d that manufacturers would become accustomed to these reports.
Regarding the expectation that assurance case studies will pull down the volume of adverse events associated with infusion pumps, Neder-Flack said, "theoretically it makes a lot of sense," but acknowledged there is some uncertainty. "That has yet to be played out. I don't know how many manufacturers have actually submitted safety assurance cases," she said, indicating she is unaware of any reports indicating that devices that have gone through this process are associated with a lower rate of adverse events.
Regarding the notion that assurance cases are redundant for the quality systems regulations, Neder-Flack commented, "the quality systems regulation is appropriate, but it's at a very high level," adding that FDA seemed to be of the view that a QSR approach alone was insufficient because of what the agency believes is an unacceptable rate of adverse events.
"I think this guidance, because it is so thorough," will reduce the number of headaches and recalls manufacturers experience with infusion pumps, Neder-Flack observed, remarking further that much of the guidance "goes to the field of human factors engineering." She said nurses have to be trained on "at least 23 very complex products that can be used on any patient in the ICU at any time," and consequently, "the product has to be made as intuitive as possible."
Neder-Flack declined to predict whether a case assurance report requirement will find its way into other product categories, but she stated, "at the recent FDA/AAMI ventilator summit ... the issue of safety assurance cases for ventilators came up." However, she said she is not sure whether FDA has decided to add this requirement for ventilators.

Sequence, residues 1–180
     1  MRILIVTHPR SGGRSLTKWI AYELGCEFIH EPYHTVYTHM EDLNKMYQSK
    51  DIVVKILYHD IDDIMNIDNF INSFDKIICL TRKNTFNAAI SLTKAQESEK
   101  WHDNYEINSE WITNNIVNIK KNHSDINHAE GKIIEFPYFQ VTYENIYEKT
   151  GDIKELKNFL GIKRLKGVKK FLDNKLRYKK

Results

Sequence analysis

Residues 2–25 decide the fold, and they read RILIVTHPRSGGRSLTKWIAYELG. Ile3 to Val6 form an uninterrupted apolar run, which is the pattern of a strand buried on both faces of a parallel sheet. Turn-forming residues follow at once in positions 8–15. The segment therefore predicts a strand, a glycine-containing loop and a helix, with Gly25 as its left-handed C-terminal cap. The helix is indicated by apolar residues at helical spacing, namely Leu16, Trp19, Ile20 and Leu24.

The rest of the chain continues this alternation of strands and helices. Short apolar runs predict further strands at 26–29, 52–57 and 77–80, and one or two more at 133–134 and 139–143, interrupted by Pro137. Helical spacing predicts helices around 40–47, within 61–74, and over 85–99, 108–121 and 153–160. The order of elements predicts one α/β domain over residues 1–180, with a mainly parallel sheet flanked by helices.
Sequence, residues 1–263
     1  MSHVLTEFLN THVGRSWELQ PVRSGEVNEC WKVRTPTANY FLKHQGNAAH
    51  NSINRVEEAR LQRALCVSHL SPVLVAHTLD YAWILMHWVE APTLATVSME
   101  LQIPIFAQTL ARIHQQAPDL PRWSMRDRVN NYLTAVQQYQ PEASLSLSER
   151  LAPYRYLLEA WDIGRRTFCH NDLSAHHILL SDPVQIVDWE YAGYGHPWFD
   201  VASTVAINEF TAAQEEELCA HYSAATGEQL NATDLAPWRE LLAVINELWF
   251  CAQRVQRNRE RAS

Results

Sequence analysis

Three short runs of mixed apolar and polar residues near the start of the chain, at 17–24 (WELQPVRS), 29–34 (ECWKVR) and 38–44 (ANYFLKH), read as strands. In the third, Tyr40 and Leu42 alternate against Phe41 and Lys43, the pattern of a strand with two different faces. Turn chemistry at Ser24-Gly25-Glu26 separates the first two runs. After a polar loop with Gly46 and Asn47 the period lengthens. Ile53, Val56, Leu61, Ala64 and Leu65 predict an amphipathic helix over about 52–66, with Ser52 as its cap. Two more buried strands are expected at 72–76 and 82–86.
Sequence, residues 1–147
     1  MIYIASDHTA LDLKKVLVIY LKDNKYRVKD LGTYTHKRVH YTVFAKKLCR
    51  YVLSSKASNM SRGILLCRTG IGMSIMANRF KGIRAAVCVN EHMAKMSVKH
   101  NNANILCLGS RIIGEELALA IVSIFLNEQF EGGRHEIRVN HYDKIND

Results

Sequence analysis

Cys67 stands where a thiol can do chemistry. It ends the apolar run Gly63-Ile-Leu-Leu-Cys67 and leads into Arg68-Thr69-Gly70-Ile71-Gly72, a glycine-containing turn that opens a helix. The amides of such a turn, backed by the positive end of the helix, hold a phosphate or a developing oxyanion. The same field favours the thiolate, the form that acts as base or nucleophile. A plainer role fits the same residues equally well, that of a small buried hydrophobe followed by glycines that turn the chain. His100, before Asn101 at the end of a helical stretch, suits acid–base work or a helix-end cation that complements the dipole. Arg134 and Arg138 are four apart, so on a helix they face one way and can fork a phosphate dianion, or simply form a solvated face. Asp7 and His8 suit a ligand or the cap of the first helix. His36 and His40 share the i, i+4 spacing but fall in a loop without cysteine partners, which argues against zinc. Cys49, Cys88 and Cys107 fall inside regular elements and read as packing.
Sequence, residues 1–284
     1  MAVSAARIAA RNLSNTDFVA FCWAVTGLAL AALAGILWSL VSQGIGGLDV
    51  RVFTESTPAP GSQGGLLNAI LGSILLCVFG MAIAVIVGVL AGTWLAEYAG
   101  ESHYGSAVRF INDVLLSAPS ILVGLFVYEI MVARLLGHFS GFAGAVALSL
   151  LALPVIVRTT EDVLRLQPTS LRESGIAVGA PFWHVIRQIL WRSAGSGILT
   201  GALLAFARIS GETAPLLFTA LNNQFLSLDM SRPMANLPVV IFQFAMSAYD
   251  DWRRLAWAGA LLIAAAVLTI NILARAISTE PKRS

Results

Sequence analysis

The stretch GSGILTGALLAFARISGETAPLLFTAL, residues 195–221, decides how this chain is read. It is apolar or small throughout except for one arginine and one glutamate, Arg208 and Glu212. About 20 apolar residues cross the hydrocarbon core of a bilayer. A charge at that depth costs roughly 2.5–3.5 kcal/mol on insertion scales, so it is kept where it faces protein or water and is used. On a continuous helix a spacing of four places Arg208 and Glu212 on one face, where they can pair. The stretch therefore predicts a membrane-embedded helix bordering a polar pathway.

Among the comments filed for the draft was a July 23, 2010, letter from Mark Leahey, president/CEO of the Medical Device Manufacturers Association (MDMA; Washington), who said FDA officials had publicly acknowledged a day after the draft emerged that the agency was "treating the draft guidance as immediately effective," hence undercutting the comment period.
Leahey asserted that pre-clearance inspections are unnecessary and presume a need for an inspection despite a lack of evidence to support the idea. He pointed out that FDA has the authority to inspect any device manufacturing plant "for any reason at any time," adding that routine pre-clearance inspections "would result in a logjam" of inspections, a condition Leahey said device makers had argued was already an issue in connection with pre-approval inspections. Leahey added that the draft "include[d] a troubling presumption by FDA" that most device changes would trigger a need for a new 510(k), which he described as "an overly broad generalization that should not be included in the guidance document.
The May 14, 2013 comment by the Advanced Medical Technology Association (AdvaMed; Washington) addressed the agency's information collection announcement for the draft, arguing that the assurance case mandate "goes beyond the statutory requirement to demonstrate substantial equivalence," and that hence any such requirement "must be imposed via a change to the regulations (i.e., a special control)."
AdvaMed also argued that development of assurance reports would consume a dozen "man months" whereas FDA had estimated 112 hours. The association's VP for technology and regulatory affairs, Tara Federici, also noted that AdvaMed had drawn up an infusion pump assurance case template, but that even with this kind of least burdensome approach, manufacturers would still need man-months to complete such a study.